The medal was such a famous decoration, thatthe Nazi’s were fast to capitalize on it’s popularity. During World WarTwo, postcards were produced by the famous photographer Hoffman, and thewar artist Willirch. These postcards(*20) featured portraits of KnightsCross winners. These cards proved to be very popular, and were avidlycollected by adults and especially by German youth. These cards are evenwidely collected today.
- The Iron Cross came about in 1813. It was designed by Germanarchitect Karl Friedrich Schinkel. The Iron Cross was awarded for braveryin 1813 (The Freedom War), 1870 (Franco-Prussian War), 1914 (World War I),and 1939 (World War II).
- At the same time Hitler also reinstated the Iron Cross 2nd Class, IronCross 1st Class, and the respective 1914 Iron Cross clasps (spanges).
- In all actuality the Pour Le Merite was not the highest award forbravery in the first world war. The highest award was the Grand Cross ofthe Iron Cross. This award was a huge 62mm Iron Cross worn about theneck. It could only be awarded to men of general rank. There were fiverecipients of the Grand Cross in World War One. They were Kaiser WilhelmII, Generalfeldmarschall Paul Ludwig von Hindenburg, General derInfanterie Erich Ludendorf, Generalfeldmarschall Prinz Maximillian JosephMaris Arnuf, and Generalfeldmarschall August von Mackensen. Adolf Hitleralso reinstated the Grand Cross of the Iron Cross on September 1st, 1939.However this award was only given once in World War Two. The luckyrecipient was Reichsmarschall Hermann Goering. Goering was given thishigh award for his successful command of the Luftwaffe during thecampaigns in France and the Low Countries in 1940.
- Hitler meant what he said, when he wanted the Knight’s Cross to beawarded without rank distinction. During World War Two 1,676 NCO’s andenlisted men won this award.
- If you measure a Knight’s Cross and include the suspension loop, thecross will come to 54mm.
- A lot of original Knight’s Cross ribbon has a orange cast to the redsection of the ribbon.
- Original Knights Crosses will have a Swastika that comes up even withthe beaded edge of the frame. Crosses that have Swastikas that fall belowthe beaded frame, should be viewed with suspicion.
- Original Knights Crosses will weigh between 30 to 33 grams. Thisweight will not always hold true for replacement pieces.
- As a general rule most presented Knight’s Crosses simply bear a 800silver content number. This number will be found on the reverse upperframe and the suspension loop.
- Knight’s Crosses bearing a 2 maker mark should have a lazy 2. Whatthis means is that the 2 is laying on it’s side. A Knight’s Cross with avertical 2 should be viewed as a reproduction.
- It should be noted that post-war versions of the Knights Crossmanufactured by the firm C.E. Juncker Berlin are also hallmarked L/12.The only way to tell the difference between a war-time and a post-warpiece, is that original war-time examples hallmarked 2 or L/12 have adesign flaw in the beaded edge of the frame. Where the beaded edge meetsthe Swastika, a extra line is formed in the corners of the frame. If youcould put these lines together they would form a cross-hatch effect. Itwould look like this (#), but only straighter. Post-war made crossesdon’t have this flaw.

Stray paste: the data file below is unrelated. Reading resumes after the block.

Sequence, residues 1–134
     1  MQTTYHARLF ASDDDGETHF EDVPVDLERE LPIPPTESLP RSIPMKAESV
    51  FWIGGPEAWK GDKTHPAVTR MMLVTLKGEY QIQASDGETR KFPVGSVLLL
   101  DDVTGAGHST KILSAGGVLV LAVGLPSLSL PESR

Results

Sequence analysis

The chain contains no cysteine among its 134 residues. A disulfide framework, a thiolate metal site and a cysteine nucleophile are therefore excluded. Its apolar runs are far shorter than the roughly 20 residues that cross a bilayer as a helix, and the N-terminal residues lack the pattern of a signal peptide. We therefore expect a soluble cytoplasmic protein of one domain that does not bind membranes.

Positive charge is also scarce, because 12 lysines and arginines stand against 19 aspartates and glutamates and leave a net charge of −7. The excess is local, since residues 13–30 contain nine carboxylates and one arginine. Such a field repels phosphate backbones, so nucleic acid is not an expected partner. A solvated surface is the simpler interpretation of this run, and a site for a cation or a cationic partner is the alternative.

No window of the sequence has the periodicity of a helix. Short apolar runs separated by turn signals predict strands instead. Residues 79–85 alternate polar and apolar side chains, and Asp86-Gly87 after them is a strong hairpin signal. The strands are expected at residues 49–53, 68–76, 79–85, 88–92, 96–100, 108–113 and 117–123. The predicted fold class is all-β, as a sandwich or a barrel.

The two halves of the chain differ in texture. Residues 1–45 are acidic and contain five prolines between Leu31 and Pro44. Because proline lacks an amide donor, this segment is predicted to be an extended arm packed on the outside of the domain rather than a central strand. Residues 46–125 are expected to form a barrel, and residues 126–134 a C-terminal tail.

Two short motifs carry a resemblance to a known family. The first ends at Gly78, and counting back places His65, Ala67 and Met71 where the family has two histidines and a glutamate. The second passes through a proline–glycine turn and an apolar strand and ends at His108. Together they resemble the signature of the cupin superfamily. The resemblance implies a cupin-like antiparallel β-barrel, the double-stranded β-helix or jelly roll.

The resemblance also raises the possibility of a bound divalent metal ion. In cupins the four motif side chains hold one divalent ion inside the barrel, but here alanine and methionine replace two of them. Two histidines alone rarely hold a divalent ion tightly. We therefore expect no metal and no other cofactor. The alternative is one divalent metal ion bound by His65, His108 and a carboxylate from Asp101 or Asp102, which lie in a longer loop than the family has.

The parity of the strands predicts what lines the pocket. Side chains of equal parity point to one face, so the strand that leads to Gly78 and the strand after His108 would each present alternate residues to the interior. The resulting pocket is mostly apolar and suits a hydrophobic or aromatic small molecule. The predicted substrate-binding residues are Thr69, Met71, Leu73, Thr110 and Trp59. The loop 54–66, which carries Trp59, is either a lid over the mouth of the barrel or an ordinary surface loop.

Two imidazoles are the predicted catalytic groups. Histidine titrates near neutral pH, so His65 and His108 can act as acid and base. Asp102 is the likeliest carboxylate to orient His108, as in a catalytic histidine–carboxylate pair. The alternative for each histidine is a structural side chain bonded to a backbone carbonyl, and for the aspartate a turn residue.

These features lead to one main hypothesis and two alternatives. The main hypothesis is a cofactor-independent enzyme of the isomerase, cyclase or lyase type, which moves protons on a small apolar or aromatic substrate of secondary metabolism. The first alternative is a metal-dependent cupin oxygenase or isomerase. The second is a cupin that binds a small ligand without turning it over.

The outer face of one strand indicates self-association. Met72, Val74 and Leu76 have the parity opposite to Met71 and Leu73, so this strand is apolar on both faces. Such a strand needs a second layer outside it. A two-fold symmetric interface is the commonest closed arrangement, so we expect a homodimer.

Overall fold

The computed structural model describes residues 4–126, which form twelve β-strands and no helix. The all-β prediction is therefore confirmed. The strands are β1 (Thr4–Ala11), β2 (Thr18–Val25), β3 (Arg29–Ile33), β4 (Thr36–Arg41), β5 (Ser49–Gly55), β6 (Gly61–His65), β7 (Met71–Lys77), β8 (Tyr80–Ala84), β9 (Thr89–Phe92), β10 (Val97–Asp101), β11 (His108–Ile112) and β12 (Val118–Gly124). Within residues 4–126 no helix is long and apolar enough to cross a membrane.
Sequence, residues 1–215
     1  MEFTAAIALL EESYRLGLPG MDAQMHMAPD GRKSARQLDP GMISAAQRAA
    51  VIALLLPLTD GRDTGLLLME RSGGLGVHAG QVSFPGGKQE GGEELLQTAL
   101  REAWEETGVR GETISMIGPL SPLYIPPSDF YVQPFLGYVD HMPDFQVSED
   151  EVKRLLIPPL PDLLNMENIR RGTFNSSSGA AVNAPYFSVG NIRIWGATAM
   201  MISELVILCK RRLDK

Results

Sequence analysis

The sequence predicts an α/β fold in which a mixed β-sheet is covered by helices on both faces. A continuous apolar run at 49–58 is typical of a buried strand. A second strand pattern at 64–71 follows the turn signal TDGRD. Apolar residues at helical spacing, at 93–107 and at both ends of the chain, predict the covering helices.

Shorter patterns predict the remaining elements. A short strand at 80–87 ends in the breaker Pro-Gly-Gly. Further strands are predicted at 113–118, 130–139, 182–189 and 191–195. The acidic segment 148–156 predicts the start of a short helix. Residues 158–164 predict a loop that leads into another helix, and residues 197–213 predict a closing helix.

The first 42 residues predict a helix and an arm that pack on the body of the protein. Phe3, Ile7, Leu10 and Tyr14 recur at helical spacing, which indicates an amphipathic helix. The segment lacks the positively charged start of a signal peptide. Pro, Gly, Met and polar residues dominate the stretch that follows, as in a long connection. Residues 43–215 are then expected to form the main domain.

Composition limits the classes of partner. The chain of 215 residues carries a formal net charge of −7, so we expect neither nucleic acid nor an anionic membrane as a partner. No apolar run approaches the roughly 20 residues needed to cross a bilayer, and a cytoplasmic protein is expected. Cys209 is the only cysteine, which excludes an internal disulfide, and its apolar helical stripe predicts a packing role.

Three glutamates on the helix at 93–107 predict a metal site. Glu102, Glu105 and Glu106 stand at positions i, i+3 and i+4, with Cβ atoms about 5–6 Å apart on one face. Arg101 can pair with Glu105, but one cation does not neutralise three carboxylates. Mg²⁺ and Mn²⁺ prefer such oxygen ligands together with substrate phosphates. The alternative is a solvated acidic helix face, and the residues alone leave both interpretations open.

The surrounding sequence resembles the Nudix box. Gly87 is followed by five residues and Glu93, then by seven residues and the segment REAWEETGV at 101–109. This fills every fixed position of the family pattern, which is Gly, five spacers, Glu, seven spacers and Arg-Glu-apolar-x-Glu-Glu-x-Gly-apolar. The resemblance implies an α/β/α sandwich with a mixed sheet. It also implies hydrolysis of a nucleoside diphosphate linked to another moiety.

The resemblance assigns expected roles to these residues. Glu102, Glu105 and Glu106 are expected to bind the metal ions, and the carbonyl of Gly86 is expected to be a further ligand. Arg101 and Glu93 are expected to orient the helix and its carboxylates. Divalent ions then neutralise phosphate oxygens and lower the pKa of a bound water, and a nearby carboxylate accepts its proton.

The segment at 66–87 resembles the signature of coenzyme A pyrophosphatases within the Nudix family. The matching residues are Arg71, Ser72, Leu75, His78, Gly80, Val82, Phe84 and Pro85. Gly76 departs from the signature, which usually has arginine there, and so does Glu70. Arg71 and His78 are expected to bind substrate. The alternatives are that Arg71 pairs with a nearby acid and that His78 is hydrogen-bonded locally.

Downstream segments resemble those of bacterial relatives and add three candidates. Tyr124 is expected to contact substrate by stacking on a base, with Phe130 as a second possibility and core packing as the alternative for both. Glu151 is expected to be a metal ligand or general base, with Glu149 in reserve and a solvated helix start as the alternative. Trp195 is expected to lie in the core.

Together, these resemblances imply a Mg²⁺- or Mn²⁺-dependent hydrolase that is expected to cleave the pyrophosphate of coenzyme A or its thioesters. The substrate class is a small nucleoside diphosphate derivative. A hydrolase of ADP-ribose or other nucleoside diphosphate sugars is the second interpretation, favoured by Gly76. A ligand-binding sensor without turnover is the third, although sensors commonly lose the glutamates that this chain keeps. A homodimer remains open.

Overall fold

- Knight’s Crosses bearing the hallmark 935 4 are unusual in the factthat the maker mark is stamped upside down. The 4 mark is stamped inincuse relief. That means the 4 is raised out of a stamped depression.The ribbon loop of these crosses will be marked 935 or in some cases 900.
- The 800 hallmark on this cross is also stamped in incuse relief, butit is right side up not upside down. The 21 hallmark is simply stampedinto the upper reverse frame on the right side.
- A lot of Knight’s Crosses that bear this hallmark are odd in the factthat the number 65 is sometimes found stamped on the ribbon loop above the800 silver content number.
- A good example is the U-Boat ace Peter Erich Cremer. He received hismedal on June 5th, 1942. Yet Mr. Cremer onlysank 7 ships totalling 35,968 tons. He got the award for successfullybringing back to port a rammed and badly damaged ship the U-333. At thetime Cremer had only four ships sunk to his credit.
- Records indicate that no woman ever received the Knights Cross of theIron Cross. While several women did earn the Iron Cross 2nd and 1st Classduring World War Two. The most famous woman to win both classes of theIron Cross was the famous test pilot Flugkapitaen Hanna Reitsch.
- A misconception is that the Knight’s Cross of the Iron Cross wasawarded more to Generals than any other rank. This of course is farthestfrom the truth. Only 6.9% of the German Generals received this award. Orsimply put, 502 German Generals received the medal.
- If the medal was lost, and the owner couldprove it was not a result of his own careless negligence, a replacementcross was provided free of cost. A lot of these crosses will bear makermark LDO numbers such as L/12. If the owner was killed in action, the medal was passed on to thenext-of-kin.
- This of course was not a new idea to the Germans. During World War Ithe famous portraitist Sanke produced postcards of highly decorated Germansoldiers. The theme of most of these postcards were recipients of thePour Le Merite.